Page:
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Picture This: Exploring Picture Books Through Art Programming


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A continuing education presentation about fostering art and art appreciation in a library setting through the Westerville Public Library's Picture This! programming series.

Presented by Robin Gibson and Rebecca O'Neil for the Northeast and Central/Southeast chapter conferences for the Ohio Library Council (OLC).

Published in: Education
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Picture This: Exploring Picture Books Through Art Programming

  1. 1. Picture This! Exploring Picture Books Through Art Programming Robin L. Gibson & Rebecca O’Neil Westerville Public Library
  2. 2. Via with/visual_literacy
  3. 3. Visual Thinking Strategies (VTS)
  4. 4. RIF – Artistic Adventures: How Appreciating Art Can Promote Literacy By encouraging children to analyze what they see, you help them develop their imagination, critical thinking skills, and powers of observation. Artistic Adventures Can Promote Literacy The next time you take children on an artistic adventure, try “reading” the works of art together. You’ll help children develop reading-related skills as they learn about the artist and the people, places, and time period depicted in the artwork. Talk descriptively about what the artist created. Discuss the people, places, and things you see in the work of art. Ask children to tell you what is happening or what is depicted in the work of art. Learn about the artist and ask children to imagine what the artist was thinking when he or she created the work of art. Prompt children to discuss what they like or dislike about what they’ve seen. Ask children to talk about how the work of art makes them feel or what it reminds them of. Encourage children to bring a notebook and jot down their observations. Have children write a response to a particularly memorable work of art when they get home. Encourage children to check out books from the library on an artist or the technique in which they demonstrated the most interest. Like any school trip or family outing, artistic adventures can engage children in a part of the world that they may have known little or nothing about. These experiences can inspire them to read about what they saw so they can learn more. literacy.htm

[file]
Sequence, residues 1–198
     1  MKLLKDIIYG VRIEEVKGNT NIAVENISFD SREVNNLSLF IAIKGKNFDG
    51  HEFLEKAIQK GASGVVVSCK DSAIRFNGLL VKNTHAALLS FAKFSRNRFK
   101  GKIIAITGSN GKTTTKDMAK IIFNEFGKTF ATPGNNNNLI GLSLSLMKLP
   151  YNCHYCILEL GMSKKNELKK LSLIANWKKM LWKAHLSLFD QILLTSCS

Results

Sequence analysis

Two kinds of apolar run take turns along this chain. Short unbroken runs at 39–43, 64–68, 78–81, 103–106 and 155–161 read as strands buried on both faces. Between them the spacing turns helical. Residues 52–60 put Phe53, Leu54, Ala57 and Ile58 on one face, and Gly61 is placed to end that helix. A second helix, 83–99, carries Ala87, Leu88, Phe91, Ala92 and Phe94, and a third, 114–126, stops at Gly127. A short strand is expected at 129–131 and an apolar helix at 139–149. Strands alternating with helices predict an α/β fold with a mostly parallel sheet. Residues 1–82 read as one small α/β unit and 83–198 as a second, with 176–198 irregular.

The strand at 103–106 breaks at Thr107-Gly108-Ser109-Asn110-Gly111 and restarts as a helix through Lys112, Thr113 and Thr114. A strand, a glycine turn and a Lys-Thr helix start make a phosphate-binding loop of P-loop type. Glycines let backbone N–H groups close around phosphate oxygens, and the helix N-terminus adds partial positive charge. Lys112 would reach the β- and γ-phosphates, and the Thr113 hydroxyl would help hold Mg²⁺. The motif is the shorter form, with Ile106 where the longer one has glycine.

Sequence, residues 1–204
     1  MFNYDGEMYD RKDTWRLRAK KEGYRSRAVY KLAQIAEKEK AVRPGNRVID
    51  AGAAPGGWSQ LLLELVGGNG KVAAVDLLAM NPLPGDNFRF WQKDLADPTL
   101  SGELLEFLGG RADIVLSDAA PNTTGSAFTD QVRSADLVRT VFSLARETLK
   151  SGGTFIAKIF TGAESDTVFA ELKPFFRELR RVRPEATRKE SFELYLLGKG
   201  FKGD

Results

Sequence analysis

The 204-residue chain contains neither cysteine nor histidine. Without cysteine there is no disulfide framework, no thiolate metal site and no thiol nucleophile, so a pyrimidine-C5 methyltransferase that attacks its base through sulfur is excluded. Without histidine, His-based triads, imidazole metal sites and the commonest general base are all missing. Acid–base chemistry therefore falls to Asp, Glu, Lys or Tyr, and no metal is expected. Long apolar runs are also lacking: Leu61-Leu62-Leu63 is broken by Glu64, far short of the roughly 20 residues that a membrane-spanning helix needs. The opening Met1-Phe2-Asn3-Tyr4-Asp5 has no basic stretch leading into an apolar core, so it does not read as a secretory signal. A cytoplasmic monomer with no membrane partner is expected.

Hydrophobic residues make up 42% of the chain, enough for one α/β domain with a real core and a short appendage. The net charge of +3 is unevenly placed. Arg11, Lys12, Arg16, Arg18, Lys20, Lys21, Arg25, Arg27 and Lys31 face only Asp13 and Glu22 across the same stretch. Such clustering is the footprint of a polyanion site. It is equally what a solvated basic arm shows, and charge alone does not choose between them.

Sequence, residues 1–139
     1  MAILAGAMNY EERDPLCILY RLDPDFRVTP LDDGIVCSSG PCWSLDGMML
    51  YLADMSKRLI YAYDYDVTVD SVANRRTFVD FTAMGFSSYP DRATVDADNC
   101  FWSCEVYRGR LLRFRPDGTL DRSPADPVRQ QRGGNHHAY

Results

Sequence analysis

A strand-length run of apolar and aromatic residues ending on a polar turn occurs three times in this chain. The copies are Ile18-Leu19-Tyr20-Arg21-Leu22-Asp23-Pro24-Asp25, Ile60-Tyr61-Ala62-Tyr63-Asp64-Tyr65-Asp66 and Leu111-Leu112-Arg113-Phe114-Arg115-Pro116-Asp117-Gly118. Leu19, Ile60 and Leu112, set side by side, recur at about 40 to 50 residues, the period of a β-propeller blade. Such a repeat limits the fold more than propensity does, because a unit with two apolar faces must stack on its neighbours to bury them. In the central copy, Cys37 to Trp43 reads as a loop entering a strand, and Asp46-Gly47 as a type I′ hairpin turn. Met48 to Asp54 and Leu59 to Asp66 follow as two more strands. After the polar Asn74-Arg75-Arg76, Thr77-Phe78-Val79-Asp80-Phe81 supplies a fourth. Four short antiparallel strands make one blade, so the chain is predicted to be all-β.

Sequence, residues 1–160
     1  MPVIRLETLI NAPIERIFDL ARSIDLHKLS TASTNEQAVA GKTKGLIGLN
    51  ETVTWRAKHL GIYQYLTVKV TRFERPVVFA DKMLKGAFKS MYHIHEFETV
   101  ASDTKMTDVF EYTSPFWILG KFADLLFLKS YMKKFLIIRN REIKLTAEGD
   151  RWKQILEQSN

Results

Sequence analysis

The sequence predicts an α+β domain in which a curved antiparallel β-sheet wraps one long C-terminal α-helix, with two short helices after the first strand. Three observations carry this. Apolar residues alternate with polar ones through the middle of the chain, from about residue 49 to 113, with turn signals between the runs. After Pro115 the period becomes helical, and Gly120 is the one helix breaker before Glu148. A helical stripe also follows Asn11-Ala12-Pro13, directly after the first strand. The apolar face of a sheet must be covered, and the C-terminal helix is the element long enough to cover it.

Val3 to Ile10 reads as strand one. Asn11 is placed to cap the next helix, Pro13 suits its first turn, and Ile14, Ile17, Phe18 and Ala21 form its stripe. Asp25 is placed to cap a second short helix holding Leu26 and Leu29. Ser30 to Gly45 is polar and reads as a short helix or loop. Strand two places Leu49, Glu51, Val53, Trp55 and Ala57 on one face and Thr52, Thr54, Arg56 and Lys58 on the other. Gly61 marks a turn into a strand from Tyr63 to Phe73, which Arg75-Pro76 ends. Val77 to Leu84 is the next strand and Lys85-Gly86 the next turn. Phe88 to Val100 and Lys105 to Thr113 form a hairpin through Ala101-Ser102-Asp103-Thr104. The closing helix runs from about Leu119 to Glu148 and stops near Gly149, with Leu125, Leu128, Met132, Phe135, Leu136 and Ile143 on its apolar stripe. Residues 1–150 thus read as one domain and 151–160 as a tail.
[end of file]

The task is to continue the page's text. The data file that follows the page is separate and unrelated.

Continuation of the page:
5. 5. Picture This Program Format - A series of programs – this allows for continuity; one week we may make something that is to be used the next week (examples – Eric Carle paints his paper for collages, so did we; scratchboard – you can buy it, but we made our own the week ahead of time) - Focus on the illustrator of picture books; we try to use the same process, or as close to it as we can get - First week make a portfolio – the work is kept here at the library for this program, do get to keep it all at the end - Next to the last week they review their portfolio and choose one or two entries for the art show. They are the curators of the show and write an artist’s statement to accompany their work.
  6. 6. Begin with reading a book
  7. 7. Eric Carle, The Very Hungry Caterpillar Collage –began by making our own paper, just as he does.
  8. 8. Wanda Gag Millions of Cats printmaking
  9. 9. • Ian Falconer, Olivia
  10. 10. A detail from Autumn Rhythm #30 by Jackson Pollock is found in Olivia. The painting hangs in the Metropolitan Museum of Art, in New York.
  11. 11. Action Jackson by Jan Greenburg & Sandra Jordan, Illustrated by Robert B. Parker
  12. 12. Action Painting
  13. 13. It Looked Like Spilt Milk by Charles G. Shaw Inkblot by Margaret Peot
  14. 14. Inkblots – what do you see?
  15. 15. The House in the Night by Susan Marie Swanson, illustrated by Beth Krommes Scratchboard
  16. 16. Making our own scratchboards
  17. 17. The Artist’s Statement
  18. 18. What does a curator do? Ask: Who has ever visited an art museum? How were things arranged? Do you collect anything yourself? The curator organizes the art work – decides what is included, where it should be put, in what order, what explanation to give. Participants are the curators in Picture This. They have the power of choice, to make decisions.
  19. 19. Getting ready for the art show
  20. 20. The Art Show
  21. 21. Resources • Making Art with Children blog, Eric Carle Museum of Picture Book Art • Storybook Art: hands-on art for children in the styles of 100 great picture book illustrators by Mary Ann Kohl. Bright Ring Publications, 2003. • Kid Made Modern by Todd Oldham. Ammo Books, 2009. • Pinterest:
  22. 22. 2013 Picture This: Caldecott edition • Jerry Pinkney, The Lion and the Mouse (watercolor) • David Wisniewski, Golem (cut paper) • Kevin Henkes, Kitten’s First Full Moon (pen and ink) • Denise Fleming, In the Small, Small Pond (papermaking/painting with paper) • Melissa Sweet, A River of Words and A Splash of Red (mixed media) • David Ezra Stein, Interrupting Chicken & Because Amelia Smiled (steinlining)
  23. 23. Denise Fleming In the Small, Small Pond, Papermaking (Summer 2013)
  24. 24. And David Ezra Stein, Interrupting Chicken (paint, and “Stein-lining” as in Because Amelia Smiled)
  25. 25. Picture This 2014 Fine Art Edition • Frida by Jonah Winter, illustrated by Ana Juan • Chuck Close Face Book By Chuck Close Self-portraits • Just Behave, Pablo Picasso! Written by Jonah Winter, illustrated by Kevin Hawkes • Magritte’s Marvelous Hat, Written & illustrated by D. B. Johnson Cubism (cardboard sculptures) and surrealism (magazine collages) • Coppernickel Goes Mondrian Written & illustrated by Wouter van Reek Painting in Piet Mondrian’s block style • Henri’s Scissors Written & illustrated by Jeannette Winter Collage (painting with scissors) • If Rocks Could Sing Written & illustrated by Leslie McGuirk Nature sculpture (inspired by Andy Goldsworthy) • Sandy’s Circus Written by Tanya Lee Stone, illustrated by Boris Kulikov Wire sculpture & mobiles
  26. 26. Thank you!